std::vector move assign patch

Jonathan Wakely
Tue Apr 25 12:52:00 GMT 2017

On 24/04/17 22:10 +0200, Marc Glisse wrote:
>It seems that this patch had 2 consequences that may or may not have 
>been planned. Consider this example (from PR64601)
>#include <vector>
>typedef std::vector<int> V;
>void f(V&v,V&w){ V(std::move(w)).swap(v); }
>void g(V&v,V&w){ v=std::move(w); }
>1) We generate shorter code for f than for g, probably since the fix 
>for PR59738. g ends up zeroing v, copying w to v, and finally zeroing 
>w, and for weird reasons (and because we swap the members one by one) 
>the standard prevents us from assuming that v and w do not overlap in 
>weird ways so we cannot optimize as much as one might expect.

f has an additional precondition (that the allocators of the vectors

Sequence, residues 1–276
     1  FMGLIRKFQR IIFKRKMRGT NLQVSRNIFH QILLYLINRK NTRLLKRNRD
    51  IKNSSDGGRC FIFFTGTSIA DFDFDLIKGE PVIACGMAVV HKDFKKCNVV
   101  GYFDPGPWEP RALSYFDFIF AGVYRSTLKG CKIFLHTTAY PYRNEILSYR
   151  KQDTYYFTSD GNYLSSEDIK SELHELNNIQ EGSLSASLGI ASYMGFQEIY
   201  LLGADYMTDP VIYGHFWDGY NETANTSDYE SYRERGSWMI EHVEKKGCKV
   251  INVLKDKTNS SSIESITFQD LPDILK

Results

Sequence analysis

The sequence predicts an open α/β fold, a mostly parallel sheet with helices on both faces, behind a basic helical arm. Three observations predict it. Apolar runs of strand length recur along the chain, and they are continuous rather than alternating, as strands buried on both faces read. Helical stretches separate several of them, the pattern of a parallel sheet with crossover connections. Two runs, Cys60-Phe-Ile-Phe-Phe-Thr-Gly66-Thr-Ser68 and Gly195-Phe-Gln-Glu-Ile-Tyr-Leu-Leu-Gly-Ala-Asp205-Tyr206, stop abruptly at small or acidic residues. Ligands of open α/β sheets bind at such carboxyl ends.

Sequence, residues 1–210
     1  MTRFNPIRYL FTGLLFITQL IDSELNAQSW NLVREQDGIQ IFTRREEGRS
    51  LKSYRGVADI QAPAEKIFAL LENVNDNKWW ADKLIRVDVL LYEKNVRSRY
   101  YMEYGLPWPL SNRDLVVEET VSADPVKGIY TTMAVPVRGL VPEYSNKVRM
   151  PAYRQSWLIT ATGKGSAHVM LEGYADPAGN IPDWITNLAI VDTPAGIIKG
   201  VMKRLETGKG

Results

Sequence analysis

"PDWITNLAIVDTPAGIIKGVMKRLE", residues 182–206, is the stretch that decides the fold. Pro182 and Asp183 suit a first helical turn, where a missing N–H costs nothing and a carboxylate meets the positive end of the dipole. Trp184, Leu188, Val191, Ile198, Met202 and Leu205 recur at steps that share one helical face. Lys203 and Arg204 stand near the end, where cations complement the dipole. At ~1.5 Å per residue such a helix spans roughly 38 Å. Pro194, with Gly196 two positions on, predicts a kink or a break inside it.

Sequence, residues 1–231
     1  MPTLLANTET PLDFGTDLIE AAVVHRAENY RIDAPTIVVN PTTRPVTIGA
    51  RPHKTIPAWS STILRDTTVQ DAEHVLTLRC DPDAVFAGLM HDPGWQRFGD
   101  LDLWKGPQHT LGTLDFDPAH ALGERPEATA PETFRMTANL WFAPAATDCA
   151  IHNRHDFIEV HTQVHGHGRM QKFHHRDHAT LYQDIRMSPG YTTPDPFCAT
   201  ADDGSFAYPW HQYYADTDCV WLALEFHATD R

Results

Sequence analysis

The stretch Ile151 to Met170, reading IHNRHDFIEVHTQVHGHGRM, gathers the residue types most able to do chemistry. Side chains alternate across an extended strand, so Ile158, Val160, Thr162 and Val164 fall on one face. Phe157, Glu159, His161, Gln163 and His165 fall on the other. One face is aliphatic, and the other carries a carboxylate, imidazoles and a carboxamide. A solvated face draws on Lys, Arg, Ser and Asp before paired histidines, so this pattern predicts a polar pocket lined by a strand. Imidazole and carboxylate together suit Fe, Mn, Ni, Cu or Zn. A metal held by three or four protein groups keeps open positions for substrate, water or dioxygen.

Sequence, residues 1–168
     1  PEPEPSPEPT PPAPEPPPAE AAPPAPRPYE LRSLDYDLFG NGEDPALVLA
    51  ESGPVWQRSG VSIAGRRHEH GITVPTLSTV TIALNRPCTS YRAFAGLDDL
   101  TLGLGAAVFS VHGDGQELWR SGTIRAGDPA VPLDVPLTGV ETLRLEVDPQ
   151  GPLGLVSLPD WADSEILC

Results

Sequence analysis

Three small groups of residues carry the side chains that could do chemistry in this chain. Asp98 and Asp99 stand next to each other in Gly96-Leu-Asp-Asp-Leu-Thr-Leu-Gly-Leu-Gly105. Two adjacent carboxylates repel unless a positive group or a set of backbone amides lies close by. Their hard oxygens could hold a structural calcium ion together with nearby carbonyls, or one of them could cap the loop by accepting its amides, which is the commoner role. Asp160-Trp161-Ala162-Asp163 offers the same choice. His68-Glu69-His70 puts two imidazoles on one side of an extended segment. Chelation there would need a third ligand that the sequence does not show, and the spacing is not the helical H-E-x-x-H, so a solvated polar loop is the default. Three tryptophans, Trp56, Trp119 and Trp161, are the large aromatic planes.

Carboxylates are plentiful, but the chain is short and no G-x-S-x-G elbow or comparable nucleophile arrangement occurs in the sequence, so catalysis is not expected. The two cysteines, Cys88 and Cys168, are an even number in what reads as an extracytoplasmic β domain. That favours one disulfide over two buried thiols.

being swapped must propagate on swap or be equal) and so the swap code
doesn't have to worry about non-equal allocators.

g has to be able to cope with the case where the allocator doesn't
propagate and isn't equal, and so is more complicated.

However, the propagation trait is known at compile-time, and for the
common case so is the equality condition, so it's unfortunate if that
can't be simplified (I'm sure you've analysed it carefully already

>2) g(v,v) seems to turn v into a nice empty vector,


>while f(v,v) turns 
>it into an invalid vector pointing at released memory.

Does it?! I don't see that happening, and it's a bug if it does.

>Since 2) is a nice side-effect, it may not be worth rewriting 
>operator= in a way that improves 1) but loses 2). Anyway, just 
>mentioning this here.

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